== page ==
Seth Cameron Sunsets

January 28th - February 26th, 2022
Seth Cameron, Nina Johnson, Paintings
Seth Cameron, Untitled, 2021, Oil and vinyl emulsion on panel, 10 x 13.5 in.

We all have a memory of a sunset. Or a sunrise for the early few. When the horizon slowly melts and molds into something new. Or sheds away the last 12 or so hours, extending permission to exhale. The switch from dawn to dusk and dusk to dawn is energetically loaded. It is a magic hour for many where a veil is at its thinnest – the veil between the physical and esoteric, the veil of the subconscious, the veil of knowledge.

Seth Cameron’s paintings are less of life, more of memory. They do not represent any traditional understanding of truth, in its stringent recording of the “real” as it happens, but a record of his truth. A projection of what he sees internally, which is perhaps a more valuable vision to communicate. Certainly more intimate.

Seth Cameron, Nina Johnson, Paintings
Seth Cameron, Untitled, 2021, Oil on panel, 5 x 7 in.

Camille Okhio: How do you refer to this body of work?
Seth Cameron: For a while I called them studies, but I was kind of just calling everything studies. But then I decided maybe that’s all paintings are anyway… I think I’m going to call them sunsets.

CO: What do you paint from?
SC: Generally nothing. A backlog of brain information. Not even just memory. It’s a combination of memory and things that I know formally.

Seth Cameron, Nina Johnson, Paintings
Seth Cameron, Untitled, 2021, Oil and vinyl emulsion on panel, 11 x 14 in.

CO: When did you paint the first painting in this style?
SC: I did a little show in 2016 of smallish, unframed paintings. I showed like 60 paintings at once. They were hung on tracks on the wall – a ledge – wrapping the whole gallery, which is kind of how I worked on them in the studio.

After that I had a smaller show of paintings that were more in this vein at Susan Inglett. This was about 8 paintings, more of a jewel box exhibition. That was the first time I admitted that they were landscapes. They’re kind of a prize to myself. I never know what it’s going to be when I start.

CO: Since you’re not painting what you see in physical space, does what we see on the canvas come more from an interior world? Would you consider the works traditional landscapes?
SC: They are traditional in the romantic sense. It’s not that complicated to make space – if you put the dark bits on the top and the bottom and there’s some bilateral symmetry [a landscape comes out]. Formally, my interest is to make space as directly as possible, and to complicate that space with the trace of the hand – deconstruction through materialism.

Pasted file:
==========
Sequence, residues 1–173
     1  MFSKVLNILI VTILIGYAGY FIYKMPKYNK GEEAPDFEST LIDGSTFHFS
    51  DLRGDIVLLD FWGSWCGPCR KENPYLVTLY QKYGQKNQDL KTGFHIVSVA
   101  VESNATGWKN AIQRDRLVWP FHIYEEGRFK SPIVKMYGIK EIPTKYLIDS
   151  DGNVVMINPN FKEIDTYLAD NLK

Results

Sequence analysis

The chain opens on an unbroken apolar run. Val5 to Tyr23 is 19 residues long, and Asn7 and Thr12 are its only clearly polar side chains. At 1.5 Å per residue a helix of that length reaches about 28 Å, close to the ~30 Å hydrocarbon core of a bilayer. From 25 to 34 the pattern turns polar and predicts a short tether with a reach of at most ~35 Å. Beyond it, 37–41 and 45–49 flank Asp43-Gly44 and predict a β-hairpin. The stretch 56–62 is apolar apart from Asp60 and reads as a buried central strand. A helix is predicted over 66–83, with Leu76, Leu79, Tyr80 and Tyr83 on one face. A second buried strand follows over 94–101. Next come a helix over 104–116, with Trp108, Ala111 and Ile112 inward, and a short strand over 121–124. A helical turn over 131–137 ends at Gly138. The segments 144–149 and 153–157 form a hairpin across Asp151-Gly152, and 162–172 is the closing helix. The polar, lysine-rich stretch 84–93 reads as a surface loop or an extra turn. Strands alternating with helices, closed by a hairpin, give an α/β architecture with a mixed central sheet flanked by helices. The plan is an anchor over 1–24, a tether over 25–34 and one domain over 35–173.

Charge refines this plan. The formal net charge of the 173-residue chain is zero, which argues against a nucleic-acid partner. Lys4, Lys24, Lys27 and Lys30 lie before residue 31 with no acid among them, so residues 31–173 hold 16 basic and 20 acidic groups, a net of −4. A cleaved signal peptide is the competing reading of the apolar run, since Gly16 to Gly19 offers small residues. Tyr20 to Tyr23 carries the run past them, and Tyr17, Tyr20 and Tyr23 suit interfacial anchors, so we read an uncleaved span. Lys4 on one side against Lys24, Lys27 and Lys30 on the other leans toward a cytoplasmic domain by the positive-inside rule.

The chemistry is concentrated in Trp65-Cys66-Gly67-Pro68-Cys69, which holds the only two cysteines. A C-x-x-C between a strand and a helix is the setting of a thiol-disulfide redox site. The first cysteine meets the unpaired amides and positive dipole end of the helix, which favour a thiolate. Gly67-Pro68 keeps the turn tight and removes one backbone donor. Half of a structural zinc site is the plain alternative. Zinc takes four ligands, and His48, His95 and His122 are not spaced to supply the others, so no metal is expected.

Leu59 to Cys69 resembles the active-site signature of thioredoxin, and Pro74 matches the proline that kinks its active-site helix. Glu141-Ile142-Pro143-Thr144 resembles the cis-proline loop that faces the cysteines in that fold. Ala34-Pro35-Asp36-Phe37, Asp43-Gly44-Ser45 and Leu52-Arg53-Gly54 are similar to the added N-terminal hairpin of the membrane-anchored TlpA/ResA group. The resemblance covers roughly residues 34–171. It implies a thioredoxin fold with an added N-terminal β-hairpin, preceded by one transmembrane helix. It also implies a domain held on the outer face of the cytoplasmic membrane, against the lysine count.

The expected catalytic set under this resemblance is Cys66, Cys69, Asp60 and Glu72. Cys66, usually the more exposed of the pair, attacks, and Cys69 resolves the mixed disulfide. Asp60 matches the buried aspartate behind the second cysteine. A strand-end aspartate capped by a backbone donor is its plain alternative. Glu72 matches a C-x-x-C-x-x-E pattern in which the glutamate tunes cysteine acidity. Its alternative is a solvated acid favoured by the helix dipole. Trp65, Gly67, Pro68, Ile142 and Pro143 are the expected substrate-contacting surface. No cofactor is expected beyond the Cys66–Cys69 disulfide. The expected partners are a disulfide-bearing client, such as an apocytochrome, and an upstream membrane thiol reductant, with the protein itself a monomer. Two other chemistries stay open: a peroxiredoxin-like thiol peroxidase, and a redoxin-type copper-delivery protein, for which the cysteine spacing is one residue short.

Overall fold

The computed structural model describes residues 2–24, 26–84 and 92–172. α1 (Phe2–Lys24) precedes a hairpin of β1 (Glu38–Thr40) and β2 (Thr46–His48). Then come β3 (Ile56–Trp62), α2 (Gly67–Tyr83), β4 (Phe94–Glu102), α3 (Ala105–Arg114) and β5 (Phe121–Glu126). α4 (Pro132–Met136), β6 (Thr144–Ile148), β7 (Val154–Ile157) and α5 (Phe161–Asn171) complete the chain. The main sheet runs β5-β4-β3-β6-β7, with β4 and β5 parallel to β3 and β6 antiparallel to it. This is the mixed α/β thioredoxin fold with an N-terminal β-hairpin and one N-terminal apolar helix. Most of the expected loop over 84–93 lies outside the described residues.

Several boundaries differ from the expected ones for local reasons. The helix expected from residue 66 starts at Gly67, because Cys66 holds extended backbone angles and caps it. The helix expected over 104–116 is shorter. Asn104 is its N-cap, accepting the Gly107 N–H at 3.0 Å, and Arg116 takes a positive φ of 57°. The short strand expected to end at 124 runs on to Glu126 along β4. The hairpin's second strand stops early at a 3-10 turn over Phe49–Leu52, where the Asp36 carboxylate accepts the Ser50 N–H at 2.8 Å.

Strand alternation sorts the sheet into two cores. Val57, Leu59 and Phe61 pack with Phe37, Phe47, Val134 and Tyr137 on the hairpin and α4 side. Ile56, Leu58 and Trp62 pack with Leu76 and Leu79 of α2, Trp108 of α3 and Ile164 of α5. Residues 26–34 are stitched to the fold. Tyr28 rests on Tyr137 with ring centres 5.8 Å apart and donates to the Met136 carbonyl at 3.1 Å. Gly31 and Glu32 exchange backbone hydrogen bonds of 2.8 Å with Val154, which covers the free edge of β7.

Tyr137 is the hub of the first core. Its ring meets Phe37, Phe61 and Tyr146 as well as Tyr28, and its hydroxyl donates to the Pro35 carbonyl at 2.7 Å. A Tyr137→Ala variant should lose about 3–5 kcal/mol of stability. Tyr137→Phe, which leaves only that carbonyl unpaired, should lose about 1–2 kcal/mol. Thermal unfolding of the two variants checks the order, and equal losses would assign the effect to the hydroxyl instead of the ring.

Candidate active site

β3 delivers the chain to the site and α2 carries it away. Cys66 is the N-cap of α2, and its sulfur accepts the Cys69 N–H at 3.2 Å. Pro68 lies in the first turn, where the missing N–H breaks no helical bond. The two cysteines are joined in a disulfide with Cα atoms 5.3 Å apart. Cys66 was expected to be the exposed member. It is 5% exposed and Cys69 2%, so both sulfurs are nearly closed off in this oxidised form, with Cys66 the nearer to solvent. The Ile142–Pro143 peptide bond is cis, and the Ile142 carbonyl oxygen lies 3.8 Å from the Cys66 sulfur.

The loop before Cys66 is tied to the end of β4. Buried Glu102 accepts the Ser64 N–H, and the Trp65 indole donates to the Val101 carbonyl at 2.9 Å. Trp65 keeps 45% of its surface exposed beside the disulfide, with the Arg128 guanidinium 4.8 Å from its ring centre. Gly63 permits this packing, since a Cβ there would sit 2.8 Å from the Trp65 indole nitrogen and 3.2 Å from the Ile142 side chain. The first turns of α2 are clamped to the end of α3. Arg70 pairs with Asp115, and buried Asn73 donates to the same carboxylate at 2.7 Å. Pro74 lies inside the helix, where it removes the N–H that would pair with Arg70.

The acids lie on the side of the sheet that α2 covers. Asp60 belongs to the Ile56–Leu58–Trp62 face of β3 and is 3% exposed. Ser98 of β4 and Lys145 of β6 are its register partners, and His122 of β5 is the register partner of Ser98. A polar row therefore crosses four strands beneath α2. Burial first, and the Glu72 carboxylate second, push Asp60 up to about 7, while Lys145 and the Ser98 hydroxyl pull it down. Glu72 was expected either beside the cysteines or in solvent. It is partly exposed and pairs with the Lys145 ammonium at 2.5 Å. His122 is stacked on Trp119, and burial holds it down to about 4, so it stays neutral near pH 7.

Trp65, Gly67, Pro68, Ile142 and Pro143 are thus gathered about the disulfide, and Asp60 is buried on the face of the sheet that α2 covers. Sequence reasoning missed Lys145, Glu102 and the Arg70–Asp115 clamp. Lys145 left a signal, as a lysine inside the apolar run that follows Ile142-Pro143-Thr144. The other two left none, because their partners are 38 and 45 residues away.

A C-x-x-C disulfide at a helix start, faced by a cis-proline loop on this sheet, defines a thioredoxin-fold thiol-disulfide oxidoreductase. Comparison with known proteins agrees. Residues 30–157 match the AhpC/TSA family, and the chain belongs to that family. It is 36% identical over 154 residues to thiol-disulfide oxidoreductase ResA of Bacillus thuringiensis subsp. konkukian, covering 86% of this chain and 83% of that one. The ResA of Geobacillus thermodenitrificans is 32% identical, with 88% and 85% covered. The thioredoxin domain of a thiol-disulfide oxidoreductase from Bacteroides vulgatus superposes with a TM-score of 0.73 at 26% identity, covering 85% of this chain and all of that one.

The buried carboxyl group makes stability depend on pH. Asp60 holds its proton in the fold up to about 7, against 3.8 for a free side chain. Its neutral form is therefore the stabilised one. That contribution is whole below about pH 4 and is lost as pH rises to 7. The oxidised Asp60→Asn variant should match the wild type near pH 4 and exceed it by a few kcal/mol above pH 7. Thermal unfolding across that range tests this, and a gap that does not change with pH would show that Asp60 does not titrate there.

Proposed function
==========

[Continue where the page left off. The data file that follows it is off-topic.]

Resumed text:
Seth Cameron, Nina Johnson, Paintings
Seth Cameron, Untitled, 2021, Oil on panel, 8 x 10 in.

CO: Are you working within a specific scale? Why?
SC: They’re all a little bit different. They’re fairly small. I think the smallest one is 5 by 7 inches and the biggest one is maybe 16 inches across. They’re kind of head sized. They’re meant to be felt with the head instead of the shoulders. As paintings get bigger they relate to parts of the body. Anything over 5 feet is architecture.

CO: What is your earliest or most impactful memory with a landscape?
SC: I did a residency in Ireland a couple years ago. There was the flat line of the ocean and not a whole lot else. I thought I would paint en plein air, but that wasn’t for me. So I would just go and walk around and see the landscape. But to actually make things I would turn my back and go inside and paint.

Seth Cameron, Nina Johnson, Paintings
Seth Cameron, Untitled, 2021, Oil and vinyl emulsion on panel, 8 x 10.5 in.

CO: Do these paintings fall under the sublime?
SC: I think any kind of painting is trying to get to an emotional experience of some kind. I think what comes out of these paintings specifically is a sense that things need to be far away. It feels like that’s where the sublime should be – far away.

CO: Is there anything of the child in these paintings? I ask because of your sons and your work at the Children’s Museum of Art.
SC: Maybe like a very young child. I’m a little too aware of the difference between a 4 year old and a 7 year old because of my sons. There’s a moment somewhere in that period where most kids move into an ideographic turn and they start to draw symbols – a smiley face, a stick figure, the sun goes at the top, the grass goes on the bottom. But there’s a time before that when they don’t do those things and there’s a lot of interesting literature on what they are doing.

There’s a direct connection between an investigation of the material and what their bodies can do with it, but it’s not connected to an idea of representation. Children and artists are the same in the sense they are just subjects trying to reconcile themselves to the world.